9.5 Market research indicates that there is a limited requirement for further provision of community services, financial or business services or leisure facilities. In light of the Covid-19 pandemic it is anticipated that demand for small scale office space will increase, albeit this will be limited as demand for these uses was decreasing before the pandemic. It is likely to be focused on new ways of working, e.g. remote workers seeking shared workspaces closer to where they live. Many in the community felt that more shops and services would be of value to Tiptree but there is uncertainty in the retail sector over the need for more space.
9.6 Commercial agents covering the Tiptree area stated that by far the most active employment requirement identified is the provision of light industrial workshops, with demand well exceeding supply across the region. Lack of new-build stock is preventing companies from moving which creates a 'trickle down' effect leading to a lack of entry-level workshop space.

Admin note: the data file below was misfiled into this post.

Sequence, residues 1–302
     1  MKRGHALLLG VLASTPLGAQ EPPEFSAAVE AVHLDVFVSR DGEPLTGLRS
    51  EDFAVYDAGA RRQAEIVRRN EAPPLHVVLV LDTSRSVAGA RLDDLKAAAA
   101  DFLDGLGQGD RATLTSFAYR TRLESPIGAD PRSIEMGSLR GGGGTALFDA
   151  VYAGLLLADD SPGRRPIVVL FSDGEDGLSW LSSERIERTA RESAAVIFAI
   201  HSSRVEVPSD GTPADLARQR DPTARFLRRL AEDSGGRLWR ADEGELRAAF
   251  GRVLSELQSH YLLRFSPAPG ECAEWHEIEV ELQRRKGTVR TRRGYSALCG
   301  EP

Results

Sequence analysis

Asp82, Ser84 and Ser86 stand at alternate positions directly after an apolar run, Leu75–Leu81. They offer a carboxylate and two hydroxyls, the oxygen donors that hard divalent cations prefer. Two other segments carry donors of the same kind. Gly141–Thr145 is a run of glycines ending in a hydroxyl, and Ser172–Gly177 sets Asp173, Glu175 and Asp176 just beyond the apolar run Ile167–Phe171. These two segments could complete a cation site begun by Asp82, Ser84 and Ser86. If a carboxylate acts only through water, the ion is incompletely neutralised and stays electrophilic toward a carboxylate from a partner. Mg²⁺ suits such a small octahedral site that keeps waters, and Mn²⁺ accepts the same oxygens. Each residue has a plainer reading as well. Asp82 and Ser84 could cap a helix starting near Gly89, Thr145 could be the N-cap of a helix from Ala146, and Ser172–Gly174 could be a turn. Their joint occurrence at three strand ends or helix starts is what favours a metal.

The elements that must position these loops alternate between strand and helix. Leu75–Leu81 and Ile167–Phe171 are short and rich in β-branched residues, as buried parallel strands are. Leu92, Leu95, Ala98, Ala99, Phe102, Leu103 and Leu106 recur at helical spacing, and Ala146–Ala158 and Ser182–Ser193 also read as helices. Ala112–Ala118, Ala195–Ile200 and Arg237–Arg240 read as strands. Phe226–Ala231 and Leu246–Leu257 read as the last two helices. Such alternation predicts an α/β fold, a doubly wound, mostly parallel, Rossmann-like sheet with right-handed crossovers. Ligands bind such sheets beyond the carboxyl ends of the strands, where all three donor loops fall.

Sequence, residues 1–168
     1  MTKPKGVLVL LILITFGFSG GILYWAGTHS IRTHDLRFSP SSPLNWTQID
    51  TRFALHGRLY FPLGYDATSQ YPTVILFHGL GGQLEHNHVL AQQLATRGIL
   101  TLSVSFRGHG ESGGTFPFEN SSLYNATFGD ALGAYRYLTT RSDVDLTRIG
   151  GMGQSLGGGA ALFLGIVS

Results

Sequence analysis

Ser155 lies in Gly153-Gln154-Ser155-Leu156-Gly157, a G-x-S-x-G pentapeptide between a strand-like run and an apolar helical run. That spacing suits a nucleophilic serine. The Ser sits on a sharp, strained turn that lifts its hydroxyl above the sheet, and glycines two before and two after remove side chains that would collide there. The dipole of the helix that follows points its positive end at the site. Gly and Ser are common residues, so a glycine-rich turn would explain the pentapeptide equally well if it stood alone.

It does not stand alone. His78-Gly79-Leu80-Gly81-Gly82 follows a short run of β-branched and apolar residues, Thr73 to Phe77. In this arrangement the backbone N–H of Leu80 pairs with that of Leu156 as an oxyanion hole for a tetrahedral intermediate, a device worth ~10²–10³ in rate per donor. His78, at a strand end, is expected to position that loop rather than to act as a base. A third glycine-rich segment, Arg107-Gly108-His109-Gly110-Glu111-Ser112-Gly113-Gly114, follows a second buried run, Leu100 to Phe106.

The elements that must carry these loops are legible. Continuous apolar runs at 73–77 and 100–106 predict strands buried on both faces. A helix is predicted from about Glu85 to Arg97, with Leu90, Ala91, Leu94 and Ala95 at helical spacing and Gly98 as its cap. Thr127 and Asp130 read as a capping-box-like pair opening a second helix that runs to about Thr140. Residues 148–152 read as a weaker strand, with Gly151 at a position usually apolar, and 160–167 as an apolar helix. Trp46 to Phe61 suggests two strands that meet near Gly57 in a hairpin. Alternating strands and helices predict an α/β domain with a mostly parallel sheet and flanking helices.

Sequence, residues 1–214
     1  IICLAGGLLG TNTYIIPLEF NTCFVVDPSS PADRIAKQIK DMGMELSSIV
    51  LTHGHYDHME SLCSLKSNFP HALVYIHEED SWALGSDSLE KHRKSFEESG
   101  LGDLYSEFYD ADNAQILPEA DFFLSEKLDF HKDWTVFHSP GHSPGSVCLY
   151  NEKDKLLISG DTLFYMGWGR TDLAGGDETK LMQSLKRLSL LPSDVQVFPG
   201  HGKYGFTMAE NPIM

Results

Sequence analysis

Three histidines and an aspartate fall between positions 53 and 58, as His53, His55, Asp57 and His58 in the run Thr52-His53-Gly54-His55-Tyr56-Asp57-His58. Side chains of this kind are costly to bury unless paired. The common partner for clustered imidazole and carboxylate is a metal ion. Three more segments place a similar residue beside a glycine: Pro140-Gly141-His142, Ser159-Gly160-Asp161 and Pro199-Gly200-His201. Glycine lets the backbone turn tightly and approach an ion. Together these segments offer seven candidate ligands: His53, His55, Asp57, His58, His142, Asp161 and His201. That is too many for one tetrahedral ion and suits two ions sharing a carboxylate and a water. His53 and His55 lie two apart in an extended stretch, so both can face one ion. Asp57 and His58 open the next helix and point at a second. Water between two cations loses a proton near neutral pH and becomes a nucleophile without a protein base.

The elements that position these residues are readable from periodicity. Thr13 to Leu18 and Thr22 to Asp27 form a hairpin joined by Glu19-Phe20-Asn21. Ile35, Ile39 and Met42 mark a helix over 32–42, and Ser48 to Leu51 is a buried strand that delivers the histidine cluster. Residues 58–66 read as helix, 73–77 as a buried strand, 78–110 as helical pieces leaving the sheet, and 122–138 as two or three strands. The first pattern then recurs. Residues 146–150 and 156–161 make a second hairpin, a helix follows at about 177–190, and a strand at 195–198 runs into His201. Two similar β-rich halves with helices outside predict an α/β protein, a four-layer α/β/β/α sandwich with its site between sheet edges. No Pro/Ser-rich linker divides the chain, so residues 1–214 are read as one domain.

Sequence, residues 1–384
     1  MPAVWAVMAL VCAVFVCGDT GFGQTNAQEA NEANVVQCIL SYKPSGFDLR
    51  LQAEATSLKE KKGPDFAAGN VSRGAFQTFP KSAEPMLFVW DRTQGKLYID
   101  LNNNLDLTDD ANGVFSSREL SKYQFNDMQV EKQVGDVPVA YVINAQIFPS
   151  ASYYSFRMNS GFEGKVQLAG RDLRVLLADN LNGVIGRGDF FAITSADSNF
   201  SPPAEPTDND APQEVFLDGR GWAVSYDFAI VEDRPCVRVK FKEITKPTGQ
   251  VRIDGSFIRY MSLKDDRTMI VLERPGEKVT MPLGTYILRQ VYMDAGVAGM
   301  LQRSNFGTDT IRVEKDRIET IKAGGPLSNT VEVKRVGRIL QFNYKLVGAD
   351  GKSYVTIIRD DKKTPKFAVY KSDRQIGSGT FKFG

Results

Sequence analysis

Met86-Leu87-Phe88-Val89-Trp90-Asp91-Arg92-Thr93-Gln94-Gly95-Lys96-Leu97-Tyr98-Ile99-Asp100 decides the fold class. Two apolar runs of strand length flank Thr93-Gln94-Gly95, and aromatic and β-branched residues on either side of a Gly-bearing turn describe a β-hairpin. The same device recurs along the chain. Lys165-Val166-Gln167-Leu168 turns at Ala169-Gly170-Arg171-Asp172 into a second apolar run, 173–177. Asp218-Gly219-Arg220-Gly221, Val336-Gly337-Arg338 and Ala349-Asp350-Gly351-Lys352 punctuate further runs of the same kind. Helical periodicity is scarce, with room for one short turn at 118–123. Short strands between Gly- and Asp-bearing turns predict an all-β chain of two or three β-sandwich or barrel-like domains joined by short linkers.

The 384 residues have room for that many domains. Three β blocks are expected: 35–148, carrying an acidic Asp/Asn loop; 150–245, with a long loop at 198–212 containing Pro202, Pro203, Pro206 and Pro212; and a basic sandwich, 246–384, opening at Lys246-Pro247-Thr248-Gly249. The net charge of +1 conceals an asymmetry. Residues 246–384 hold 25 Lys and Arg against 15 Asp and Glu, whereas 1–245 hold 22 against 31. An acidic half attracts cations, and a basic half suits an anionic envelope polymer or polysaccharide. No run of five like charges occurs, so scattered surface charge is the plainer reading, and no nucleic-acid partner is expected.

9.7 Tiptree is considered to be a small commercial market, barely known outside of the local area and has limited stock of units and floor space. However, if new employment land was made available this could accommodate demand for new build light industrial or general industrial workshop or warehouse space which would potentially expose Tiptree to a wider market. Such provision of a range of small and medium sized units is precisely where market demand is centred. It should be noted that the LEAs in Tiptree which have traditionally serviced these markets are largely at capacity. (For further evidence of the commercial requirements in Tiptree see the Employment Topic Paper).